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Custer: Lessons in Leadership

by Duane Schultz, Palgrave Macmillan, New York, 2010, $23.

George Armstrong Custer was born to be a soldier. He proved that during the Civil War when his hard-charging approach as a brevet cavalry general usually led to success. The same approach ultimately proved his undoing on the postwar frontier; even so, he showed, in the words of General Philip Sheridan, “a superabundance of courage.” Given Custer’s lack of restraint, however, even Sheridan might have suggested he was not born for independent command. His official rank when he died at the Little Bighorn on July 25, 1876, was lieutenant colonel, but many of his men still called him “General.” In any case, George is the 14th leader to be part of the Great Generals Series, following in the bootsteps of the likes of Ulysses S. Grant, William Tecumseh Sherman, Stonewall Jackson and Robert E. Lee. No Sheridan yet.

In his foreword series editor General Wesley K. Clark acknowledges what an astounding leader Custer was in the Civil War. And though Clark says the Little Bighorn failure “rested on Custer,” he adds that the fiasco served as a signal warning for future military leadership. “We don’t reward impetuous, reckless behavior, especially not in our leaders,” writes Clark. “It’s not about the glory— it’s about mission accomplished.”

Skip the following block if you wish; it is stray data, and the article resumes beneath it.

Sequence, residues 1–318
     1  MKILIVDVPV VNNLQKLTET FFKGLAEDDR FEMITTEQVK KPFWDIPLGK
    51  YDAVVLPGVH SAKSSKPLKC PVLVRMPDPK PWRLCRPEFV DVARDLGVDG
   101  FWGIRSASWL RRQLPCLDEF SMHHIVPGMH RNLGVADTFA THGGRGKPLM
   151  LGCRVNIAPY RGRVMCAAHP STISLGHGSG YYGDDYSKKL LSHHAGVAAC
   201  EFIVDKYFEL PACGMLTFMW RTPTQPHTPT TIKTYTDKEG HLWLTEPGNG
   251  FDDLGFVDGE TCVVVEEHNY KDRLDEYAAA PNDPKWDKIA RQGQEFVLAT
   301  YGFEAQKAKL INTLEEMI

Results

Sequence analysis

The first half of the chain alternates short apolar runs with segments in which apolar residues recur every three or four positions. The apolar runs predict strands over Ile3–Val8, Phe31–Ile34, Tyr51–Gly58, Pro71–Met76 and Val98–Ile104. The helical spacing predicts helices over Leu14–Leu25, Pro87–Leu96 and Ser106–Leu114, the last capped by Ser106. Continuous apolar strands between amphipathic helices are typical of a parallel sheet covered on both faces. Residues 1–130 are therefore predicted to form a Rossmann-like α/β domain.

As for Schultz’s compact biography (a shade over 200 pages), it is swiftly paced and well written. Certainly it does more than skim the surface of Custer’s career, though it shouldn’t keep anyone from also reading Jeffry D. Wert’s more detailed Custer: The Controversial Life of George Armstrong Custer or the numerous other biographies that delve into the onetime “Boy General’s” questionable leadership during the Indian wars.

Originally published in the June 2011 issue of Wild West. To subscribe, click here.